- audits of 2018/19 accounts for which a minority of audit opinions remain outstanding;
- audits of 2019/20 accounts (a significant proportion of opinions remain outstanding); and
- audits of 2020/21 accounts (very limited if any audit work done).
Our consultation proposal for the 2021/22 fee scale therefore set out a proposal to construct fees using the following information:
- 2020/21 scale fees.
- plus relevant adjustments for ongoing additional audit work arising from 2018/19 approved fee variations.
- plus any adjustments relating to changes in auditing and financial reporting requirements which are classified as national variations under PSAA’s new arrangements for dealing with fee variations and which could be determined before 31 March 2021.
- plus any relevant adjustment for inflation arising from PSAA’s contracts with audit suppliers.
Since the consultation, we have confirmed the following:
- We wrote to opted-in bodies during the consultation period to confirm the ongoing adjustments to be applied to their fee for 2021/22. The responses from opted-in bodies to these communications are summarised later in this document.
- We were able to confirm the ongoing adjustments for 34% of individual audits. The adjustments we were able to make have increased the scale fees for the opted-in bodies concerned by 6.63%, or 2.7% across the whole fee scale. Ongoing adjustments where information was not available this time will be considered in the next phase of the exercise. It is important to note that baking in the ongoing elements of previous fee variations does not actually have the effect of increasing fees or changing the overall quantum of fee to be paid by each body, rather it alters the timing of payment for additional work that is required on an ongoing basis.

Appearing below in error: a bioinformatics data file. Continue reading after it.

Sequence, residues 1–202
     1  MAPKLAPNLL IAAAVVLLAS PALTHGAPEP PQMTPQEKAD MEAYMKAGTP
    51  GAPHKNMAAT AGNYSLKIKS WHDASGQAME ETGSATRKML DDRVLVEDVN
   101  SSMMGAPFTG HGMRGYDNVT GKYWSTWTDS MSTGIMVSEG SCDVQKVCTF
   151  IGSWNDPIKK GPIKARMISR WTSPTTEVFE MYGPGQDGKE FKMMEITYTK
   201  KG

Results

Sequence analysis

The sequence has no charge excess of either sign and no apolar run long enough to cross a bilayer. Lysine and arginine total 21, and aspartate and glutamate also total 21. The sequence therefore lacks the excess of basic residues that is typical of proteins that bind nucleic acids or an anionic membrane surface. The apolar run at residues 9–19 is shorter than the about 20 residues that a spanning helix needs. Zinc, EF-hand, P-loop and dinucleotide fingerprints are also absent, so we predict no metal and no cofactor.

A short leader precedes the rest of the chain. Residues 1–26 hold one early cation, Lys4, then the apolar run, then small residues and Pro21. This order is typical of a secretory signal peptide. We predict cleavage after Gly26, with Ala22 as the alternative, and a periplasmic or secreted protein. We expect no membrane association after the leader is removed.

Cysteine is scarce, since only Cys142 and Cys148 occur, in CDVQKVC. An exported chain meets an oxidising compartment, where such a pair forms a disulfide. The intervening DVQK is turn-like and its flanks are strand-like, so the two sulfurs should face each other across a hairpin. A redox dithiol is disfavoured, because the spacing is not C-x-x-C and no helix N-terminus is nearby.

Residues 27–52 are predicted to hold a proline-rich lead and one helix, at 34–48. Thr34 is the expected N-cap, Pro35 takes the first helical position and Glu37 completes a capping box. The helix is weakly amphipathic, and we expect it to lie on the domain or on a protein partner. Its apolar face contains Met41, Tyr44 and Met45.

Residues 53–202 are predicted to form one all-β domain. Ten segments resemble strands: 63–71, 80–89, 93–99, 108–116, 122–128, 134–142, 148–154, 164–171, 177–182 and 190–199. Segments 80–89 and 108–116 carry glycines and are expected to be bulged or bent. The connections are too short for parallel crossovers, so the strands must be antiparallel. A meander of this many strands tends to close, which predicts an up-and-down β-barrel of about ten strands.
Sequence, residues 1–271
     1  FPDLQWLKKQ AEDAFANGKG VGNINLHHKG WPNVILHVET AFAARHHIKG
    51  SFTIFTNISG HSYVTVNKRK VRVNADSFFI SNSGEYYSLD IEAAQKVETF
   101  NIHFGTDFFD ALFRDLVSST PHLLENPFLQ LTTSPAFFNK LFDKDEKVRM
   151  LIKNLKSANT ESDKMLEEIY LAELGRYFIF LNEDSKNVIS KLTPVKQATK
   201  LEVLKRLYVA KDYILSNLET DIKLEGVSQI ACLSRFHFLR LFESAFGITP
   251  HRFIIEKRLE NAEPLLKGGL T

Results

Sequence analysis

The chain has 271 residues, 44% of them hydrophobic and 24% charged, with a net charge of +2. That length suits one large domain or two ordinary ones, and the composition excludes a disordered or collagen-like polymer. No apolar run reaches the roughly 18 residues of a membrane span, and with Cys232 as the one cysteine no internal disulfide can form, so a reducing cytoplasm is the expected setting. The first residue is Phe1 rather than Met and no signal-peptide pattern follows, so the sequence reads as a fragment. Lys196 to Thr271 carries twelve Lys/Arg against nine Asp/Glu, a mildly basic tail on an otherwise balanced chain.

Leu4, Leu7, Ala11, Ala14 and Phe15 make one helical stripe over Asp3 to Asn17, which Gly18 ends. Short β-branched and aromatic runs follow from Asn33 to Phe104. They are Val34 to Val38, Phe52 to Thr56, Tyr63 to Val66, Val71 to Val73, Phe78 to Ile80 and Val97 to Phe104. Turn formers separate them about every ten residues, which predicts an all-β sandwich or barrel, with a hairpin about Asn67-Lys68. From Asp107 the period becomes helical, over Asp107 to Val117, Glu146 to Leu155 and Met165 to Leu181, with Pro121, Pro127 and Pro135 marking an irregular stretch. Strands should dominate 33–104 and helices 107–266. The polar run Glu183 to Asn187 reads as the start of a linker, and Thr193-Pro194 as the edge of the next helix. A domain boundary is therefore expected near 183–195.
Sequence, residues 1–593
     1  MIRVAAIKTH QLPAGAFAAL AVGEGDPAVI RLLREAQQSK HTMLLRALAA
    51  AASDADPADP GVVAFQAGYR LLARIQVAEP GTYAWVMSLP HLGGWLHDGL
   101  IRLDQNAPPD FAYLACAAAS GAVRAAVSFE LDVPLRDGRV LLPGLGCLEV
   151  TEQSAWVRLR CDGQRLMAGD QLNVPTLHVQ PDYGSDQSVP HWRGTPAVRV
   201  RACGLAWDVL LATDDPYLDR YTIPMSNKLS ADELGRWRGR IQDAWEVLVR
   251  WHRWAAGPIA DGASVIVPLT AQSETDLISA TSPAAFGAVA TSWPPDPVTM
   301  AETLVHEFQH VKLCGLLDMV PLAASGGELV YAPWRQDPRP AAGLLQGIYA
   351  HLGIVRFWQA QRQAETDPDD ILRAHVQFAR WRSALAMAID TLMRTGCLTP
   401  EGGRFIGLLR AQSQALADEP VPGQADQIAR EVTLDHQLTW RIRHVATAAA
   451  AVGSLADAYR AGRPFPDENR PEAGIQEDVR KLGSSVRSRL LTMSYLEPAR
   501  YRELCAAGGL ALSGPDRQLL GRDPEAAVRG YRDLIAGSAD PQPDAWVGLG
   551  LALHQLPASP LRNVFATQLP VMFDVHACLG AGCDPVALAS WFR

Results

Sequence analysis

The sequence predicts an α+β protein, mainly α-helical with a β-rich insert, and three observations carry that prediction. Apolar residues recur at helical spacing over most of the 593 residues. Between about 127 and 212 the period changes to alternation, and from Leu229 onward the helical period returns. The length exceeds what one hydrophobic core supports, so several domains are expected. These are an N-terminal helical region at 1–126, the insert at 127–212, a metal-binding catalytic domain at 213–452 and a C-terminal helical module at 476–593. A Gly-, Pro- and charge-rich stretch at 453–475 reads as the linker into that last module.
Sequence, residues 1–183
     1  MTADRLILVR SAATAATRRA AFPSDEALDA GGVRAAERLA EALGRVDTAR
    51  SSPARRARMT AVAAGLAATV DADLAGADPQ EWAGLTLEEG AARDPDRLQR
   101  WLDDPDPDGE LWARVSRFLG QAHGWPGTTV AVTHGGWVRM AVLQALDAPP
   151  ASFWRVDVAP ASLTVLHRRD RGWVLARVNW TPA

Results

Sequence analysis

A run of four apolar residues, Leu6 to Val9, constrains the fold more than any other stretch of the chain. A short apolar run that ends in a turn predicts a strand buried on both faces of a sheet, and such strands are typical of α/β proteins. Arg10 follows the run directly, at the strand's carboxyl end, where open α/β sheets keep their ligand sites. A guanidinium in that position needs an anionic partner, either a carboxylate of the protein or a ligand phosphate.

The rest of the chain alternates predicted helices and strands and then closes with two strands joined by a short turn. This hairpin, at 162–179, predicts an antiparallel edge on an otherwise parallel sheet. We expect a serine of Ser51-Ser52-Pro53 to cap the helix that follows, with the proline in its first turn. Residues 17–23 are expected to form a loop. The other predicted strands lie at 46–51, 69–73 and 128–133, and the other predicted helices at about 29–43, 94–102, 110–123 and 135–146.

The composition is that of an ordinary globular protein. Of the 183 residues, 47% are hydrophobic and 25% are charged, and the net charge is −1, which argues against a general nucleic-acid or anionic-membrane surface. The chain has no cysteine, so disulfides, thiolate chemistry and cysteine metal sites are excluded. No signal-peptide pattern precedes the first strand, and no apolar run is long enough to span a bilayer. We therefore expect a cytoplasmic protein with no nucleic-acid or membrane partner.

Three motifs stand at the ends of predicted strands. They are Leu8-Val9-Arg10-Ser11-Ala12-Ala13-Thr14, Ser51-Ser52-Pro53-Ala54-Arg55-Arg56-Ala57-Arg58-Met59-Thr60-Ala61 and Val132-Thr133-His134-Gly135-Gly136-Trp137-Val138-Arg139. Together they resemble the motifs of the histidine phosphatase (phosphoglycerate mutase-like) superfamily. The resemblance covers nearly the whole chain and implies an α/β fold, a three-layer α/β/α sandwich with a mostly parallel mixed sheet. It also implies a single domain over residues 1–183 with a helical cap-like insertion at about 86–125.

- Our work on potential national fee variations involves a range of stakeholders. We will consult on proposed changes to the fee scale in due course. Although this work is progressing it has not been possible to conclude and consult on any proposed adjustments to the 2021/22 fee scale ahead of 31 March. We will therefore consult during 2021/22 on appropriate national fee variations, subject to expected changes in the regulations during 2021. Where it is not possible to determine a national fee variation that is applicable across all or most opted-in bodies, we will provide information on indicative fee ranges or key determinants for the fees for additional work.
- Based on the CPI index for the rolling 12-month period to February 2021, the prevailing rate of inflation remains below 1%, so no adjustment for inflation is required under our contracts with audit suppliers (the formula specified in the contract is CPI minus 1%).
A summary of the responses to the consultation is set out in the Appendix to this fee scale document. We welcome all the feedback received to our consultation and thank those who responded. The PSAA Board has reflected on the consultation outcome and takes very seriously all the points made.Back to top